Inheriting the Power of a Liberal Education and Investing in the Nation’s Future
May 7, 2011
Intoduction: “The Consummation of All Studies”
Trustees of Indiana University, Provost Hanson, faculty and staff colleagues, family and friends, and members of the class of 2011:
In his treatise on American universities, Harvard professor Charles Norton wrote that “[t]he highest end of the highest education is not anything which can be directly taught, but is the consummation of all studies. It is the final result of intellectual culture in the development of the breadth, serenity, and solidarity of mind, and in the attainment of that complete self-possession which finds expression in character.”1
What Professor Norton describes is the power of a liberal education, one that not only builds character in individuals but prepares them for their lives as engaged citizens. It is called liberal not because it has a particular political affinity but because it is both wide-ranging and selectively deep. By demonstrating the interconnectedness of all knowledge, it opens you to possibilities that you may never have otherwise imagined.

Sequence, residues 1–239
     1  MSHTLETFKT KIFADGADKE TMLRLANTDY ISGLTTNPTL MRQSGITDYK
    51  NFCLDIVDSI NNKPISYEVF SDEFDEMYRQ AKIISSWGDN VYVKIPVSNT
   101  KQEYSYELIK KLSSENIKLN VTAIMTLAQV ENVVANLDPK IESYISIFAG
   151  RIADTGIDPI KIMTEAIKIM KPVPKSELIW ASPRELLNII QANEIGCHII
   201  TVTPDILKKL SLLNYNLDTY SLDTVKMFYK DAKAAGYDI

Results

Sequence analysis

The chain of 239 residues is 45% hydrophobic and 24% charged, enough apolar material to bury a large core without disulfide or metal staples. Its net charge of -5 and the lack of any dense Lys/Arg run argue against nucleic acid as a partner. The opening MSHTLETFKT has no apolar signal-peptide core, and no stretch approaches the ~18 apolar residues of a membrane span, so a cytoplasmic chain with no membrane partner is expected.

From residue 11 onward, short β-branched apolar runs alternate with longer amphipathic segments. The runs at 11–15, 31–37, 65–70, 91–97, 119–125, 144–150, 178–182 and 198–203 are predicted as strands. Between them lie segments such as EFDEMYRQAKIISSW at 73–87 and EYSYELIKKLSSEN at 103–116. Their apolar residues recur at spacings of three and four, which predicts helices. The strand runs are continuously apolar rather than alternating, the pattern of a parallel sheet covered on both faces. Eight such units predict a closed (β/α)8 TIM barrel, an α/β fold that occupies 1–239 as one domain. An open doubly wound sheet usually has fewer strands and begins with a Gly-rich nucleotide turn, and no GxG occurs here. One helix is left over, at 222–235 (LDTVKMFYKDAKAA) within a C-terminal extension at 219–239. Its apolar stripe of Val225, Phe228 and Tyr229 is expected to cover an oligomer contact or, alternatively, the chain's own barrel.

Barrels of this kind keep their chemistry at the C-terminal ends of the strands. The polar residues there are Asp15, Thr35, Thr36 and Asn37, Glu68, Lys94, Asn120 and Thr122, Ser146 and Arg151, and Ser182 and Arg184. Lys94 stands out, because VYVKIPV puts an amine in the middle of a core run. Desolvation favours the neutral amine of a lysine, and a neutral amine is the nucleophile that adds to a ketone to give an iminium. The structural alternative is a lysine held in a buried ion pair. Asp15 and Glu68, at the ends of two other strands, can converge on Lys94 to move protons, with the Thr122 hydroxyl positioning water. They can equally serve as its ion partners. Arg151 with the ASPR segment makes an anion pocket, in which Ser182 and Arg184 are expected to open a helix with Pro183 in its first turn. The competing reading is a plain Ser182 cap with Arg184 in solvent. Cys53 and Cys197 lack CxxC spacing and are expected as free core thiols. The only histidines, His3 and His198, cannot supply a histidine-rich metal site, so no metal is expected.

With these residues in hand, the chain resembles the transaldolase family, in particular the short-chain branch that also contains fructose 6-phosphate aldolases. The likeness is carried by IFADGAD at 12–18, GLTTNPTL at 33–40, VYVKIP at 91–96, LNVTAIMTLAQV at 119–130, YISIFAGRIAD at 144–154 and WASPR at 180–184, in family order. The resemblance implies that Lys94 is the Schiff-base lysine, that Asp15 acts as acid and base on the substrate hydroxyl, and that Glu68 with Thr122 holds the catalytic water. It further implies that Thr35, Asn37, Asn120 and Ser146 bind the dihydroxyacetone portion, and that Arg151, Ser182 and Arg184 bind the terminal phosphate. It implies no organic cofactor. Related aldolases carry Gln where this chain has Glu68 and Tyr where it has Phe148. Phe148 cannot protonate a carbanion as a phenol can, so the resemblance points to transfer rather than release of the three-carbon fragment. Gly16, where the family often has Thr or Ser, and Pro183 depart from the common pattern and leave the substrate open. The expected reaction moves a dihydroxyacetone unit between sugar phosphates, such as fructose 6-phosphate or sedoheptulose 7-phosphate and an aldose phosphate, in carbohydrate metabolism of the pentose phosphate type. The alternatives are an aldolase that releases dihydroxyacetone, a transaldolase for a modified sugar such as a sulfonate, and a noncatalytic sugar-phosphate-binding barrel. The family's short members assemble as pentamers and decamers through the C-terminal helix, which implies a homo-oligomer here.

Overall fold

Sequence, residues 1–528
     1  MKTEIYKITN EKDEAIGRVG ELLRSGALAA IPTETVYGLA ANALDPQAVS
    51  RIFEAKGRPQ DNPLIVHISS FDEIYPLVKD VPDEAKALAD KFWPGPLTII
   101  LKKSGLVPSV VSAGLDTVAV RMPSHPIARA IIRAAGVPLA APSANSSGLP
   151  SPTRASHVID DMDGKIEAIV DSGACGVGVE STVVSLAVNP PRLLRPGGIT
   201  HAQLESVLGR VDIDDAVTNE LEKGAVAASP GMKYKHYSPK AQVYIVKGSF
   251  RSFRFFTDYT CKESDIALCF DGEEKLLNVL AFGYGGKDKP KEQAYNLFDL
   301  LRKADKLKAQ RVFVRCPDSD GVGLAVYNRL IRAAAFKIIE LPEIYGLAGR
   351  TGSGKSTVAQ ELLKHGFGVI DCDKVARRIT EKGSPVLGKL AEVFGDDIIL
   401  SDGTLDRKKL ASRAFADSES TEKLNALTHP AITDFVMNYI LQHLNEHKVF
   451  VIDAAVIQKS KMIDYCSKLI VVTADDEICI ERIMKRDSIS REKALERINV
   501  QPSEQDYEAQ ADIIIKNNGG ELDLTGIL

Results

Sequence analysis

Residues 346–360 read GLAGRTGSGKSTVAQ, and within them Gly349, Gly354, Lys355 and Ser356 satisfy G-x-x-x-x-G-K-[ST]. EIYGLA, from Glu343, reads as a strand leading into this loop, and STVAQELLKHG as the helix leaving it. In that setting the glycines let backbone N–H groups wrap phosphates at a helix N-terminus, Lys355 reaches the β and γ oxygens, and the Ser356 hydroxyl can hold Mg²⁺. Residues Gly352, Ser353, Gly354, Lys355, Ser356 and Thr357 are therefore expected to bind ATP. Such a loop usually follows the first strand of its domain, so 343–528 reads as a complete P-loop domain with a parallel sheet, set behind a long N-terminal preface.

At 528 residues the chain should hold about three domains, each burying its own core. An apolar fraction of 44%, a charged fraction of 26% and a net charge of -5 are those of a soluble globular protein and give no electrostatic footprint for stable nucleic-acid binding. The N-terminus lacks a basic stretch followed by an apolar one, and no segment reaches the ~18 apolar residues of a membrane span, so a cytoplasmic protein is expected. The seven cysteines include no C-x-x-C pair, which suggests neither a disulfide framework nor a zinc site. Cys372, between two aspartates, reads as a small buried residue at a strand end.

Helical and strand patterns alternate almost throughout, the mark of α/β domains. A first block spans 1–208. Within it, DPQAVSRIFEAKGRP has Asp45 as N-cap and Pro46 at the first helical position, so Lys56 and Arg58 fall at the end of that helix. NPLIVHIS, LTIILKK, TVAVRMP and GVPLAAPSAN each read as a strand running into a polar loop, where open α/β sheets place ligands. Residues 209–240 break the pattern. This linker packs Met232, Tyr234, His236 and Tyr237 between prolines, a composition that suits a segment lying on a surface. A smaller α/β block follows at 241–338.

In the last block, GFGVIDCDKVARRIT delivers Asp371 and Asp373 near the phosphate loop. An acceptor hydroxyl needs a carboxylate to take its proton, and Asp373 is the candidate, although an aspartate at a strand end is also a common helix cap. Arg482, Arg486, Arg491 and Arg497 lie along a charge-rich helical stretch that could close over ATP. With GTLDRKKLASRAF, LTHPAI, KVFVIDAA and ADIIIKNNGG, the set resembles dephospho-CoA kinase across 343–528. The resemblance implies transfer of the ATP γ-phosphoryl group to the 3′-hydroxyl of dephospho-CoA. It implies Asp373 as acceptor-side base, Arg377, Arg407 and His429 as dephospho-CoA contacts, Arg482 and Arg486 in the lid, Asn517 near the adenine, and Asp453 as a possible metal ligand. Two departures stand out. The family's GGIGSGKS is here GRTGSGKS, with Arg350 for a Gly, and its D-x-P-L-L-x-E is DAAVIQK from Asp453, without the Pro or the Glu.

Today, as we gather to celebrate the time-honored ceremony of commencement, it is time to imagine those possibilities as you cross the threshold into your future.
The Power of a Liberal Education
For so many of you, the education that you have gained here has, indeed, been a liberal education. Such an education in the depth and breadth of human knowledge ranges from the classics in history and literature to the workings of modern government; from the rules of mathematics and logic to the basic laws of physics and biology; from world languages to international affairs. And this is precisely the type of education that our complex, interconnected world requires.
It is an education that fosters critical thinking and problem solving that will enable some of you to be the architects of new economic structures. It will encourage you to reach beyond like-minded colleagues and friends in order to answer questions about prosperity and poverty, about energy, transportation, technology, and many other areas—questions that we have not yet even begun to formulate. It will enable you to remain flexible, think analytically, respond quickly and thoughtfully, especially in a world that is changing constantly.